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Access to Higher Education for Socio-economically Marginalised Groups: Indicators at Macro-Exo Levels

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Part of the Lifelong Learning Book Series book series (LLLB, volume 21)

Abstract

A common thread among a number of structural indicators highlighted in this chapter is a focus on State-led incentives for promoting access to higher education for socio-economically marginalised groups. This incentivisation process is interrogated as needing to occur for third level institutions, including at distinct faculty and departmental levels, in so-called ‘elite’ universities, as well as through pathways that include or produce equivalent effects to reserved places for students from backgrounds of socio-economic exclusion.

In a number of countries, it is evident that there is little incentivisation taking place at national level for third-level institutions to open their doors to groups experiencing social marginalisation. There is a need to establish a fund (nationally and at EU level) where university faculties could compete based on their performance in relation to access—and participation—of specific target groups. In providing this fund at faculty and not simply university level, faculties would be encouraged to engage in a substantial outreach dimension to engage with target groups, including fostering more diverse pathways for admission to the faculty and more preparatory courses prior to admission. Incentives here could also be given for cooperation across universities for access, outreach and community engagement. The issue of access to ‘elite’ universities also requires focus on the earlier stage of elitist selection processes for schools. A number of arguments are considered for and against reserved places for socio-economically excluded groups at third level.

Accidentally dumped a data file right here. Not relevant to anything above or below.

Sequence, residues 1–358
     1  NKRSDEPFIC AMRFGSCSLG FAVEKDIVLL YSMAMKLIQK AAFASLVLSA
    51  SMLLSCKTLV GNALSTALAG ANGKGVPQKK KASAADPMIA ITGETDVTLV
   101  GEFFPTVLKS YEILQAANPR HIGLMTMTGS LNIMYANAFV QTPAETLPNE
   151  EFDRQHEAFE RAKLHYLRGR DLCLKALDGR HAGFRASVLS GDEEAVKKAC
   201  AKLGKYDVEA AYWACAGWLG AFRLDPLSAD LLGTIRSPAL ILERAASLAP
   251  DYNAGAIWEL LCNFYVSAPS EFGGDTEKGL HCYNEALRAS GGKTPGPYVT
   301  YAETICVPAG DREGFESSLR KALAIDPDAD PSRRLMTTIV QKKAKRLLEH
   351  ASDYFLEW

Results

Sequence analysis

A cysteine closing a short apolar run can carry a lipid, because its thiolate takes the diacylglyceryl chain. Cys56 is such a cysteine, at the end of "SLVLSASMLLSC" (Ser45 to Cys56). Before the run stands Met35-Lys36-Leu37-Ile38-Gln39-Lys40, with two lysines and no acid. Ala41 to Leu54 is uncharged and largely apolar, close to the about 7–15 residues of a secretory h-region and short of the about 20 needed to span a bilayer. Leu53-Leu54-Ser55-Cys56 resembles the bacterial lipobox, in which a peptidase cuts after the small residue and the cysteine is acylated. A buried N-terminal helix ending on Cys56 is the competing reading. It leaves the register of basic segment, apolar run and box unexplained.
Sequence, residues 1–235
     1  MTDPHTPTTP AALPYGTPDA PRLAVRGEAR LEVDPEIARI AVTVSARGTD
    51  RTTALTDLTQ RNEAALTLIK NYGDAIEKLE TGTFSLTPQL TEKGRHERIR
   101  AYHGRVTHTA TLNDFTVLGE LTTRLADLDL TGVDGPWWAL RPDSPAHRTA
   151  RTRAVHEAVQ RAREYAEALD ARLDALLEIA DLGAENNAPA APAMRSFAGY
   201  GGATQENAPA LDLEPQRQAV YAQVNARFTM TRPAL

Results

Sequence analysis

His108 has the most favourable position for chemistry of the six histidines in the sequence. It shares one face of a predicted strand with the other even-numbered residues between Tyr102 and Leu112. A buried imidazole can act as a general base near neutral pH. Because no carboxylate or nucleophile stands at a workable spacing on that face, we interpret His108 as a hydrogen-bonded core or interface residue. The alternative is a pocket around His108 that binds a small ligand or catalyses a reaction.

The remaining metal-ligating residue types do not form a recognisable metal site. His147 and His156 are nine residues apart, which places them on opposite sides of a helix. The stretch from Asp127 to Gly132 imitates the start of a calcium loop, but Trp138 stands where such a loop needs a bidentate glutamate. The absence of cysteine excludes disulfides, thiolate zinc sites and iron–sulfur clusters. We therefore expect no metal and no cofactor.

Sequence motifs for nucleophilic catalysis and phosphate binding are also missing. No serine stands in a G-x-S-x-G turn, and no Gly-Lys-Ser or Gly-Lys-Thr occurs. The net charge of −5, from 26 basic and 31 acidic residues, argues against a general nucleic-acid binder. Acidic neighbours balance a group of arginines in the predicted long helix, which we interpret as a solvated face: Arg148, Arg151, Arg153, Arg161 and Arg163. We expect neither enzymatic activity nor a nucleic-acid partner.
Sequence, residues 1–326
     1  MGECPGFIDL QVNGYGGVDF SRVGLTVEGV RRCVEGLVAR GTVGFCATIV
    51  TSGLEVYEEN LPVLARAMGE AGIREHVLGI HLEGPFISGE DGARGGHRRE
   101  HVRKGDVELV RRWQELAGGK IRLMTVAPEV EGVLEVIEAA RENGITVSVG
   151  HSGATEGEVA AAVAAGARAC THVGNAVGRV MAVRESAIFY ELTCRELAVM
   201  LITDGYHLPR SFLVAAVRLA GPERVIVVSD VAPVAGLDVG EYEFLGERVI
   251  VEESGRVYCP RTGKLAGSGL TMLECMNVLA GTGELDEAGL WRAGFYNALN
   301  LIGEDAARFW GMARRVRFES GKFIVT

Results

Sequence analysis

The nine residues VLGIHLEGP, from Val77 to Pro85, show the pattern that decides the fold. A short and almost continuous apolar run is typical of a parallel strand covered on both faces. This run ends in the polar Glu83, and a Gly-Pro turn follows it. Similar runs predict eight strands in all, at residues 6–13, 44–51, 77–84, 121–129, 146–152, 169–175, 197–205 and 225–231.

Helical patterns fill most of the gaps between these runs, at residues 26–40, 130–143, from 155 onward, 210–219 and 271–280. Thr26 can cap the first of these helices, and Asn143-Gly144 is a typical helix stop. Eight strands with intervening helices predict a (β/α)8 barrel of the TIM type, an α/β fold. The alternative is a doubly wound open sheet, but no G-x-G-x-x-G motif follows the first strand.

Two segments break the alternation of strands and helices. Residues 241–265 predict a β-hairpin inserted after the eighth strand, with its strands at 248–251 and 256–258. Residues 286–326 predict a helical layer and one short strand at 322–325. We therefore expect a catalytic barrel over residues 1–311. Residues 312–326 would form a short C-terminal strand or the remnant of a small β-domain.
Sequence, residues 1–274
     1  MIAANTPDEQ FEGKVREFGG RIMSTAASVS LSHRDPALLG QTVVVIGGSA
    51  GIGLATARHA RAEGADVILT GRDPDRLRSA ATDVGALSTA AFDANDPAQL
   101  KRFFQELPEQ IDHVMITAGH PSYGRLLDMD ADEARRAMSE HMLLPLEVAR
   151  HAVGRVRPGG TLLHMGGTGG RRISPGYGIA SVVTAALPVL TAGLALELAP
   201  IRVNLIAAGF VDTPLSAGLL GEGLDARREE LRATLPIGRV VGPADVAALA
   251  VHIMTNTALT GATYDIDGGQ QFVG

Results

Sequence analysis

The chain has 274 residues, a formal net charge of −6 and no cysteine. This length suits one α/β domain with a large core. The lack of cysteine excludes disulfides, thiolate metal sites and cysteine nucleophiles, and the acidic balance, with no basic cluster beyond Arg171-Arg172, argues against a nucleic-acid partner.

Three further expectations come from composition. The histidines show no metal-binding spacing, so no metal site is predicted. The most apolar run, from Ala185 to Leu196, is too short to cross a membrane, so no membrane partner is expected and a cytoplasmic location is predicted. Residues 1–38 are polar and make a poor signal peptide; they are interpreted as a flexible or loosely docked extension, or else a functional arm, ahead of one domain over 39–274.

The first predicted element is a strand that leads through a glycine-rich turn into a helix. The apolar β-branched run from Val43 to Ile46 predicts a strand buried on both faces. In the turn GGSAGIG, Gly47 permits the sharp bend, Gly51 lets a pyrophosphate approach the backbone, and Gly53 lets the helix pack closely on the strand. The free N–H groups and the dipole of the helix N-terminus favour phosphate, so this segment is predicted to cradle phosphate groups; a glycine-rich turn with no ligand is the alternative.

Further key principles are those of representation and targeting. This leads to a range of structural indicators concerning representation of target groups in decision-making structures and processes at national and institutional levels, as well as targeting groups of particular vulnerability. It is pivotal that a discourse on access and targets centrally involves those being ‘targeted’ so that they are subjects and not mere objects of social policy. Some examples are highlighted in a number of national reports of a certain level of institutional resistance in European contexts to representation of and consultation with members of target groups for access to education in a decision-making process. While orphanages have been largely replaced by adoption and foster care in Western Europe, they still remain in a number of countries in Central and Eastern Europe, including Russia; the question arises as to how to better support orphans and those in care, in order to facilitate their access to lifelong learning, including university education.

Keywords

Foster Care Lifelong Learning National Report Structural Indicator Underrepresented Group 
These keywords were added by machine and not by the authors. This process is experimental and the keywords may be updated as the learning algorithm improves.

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Copyright information

© Springer Science+Business Media Dordrecht 2014

Authors and Affiliations

  1. 1.Educational Disadvantage Centre St. Patrick’s CollegeDublin City UniversityDublinIreland

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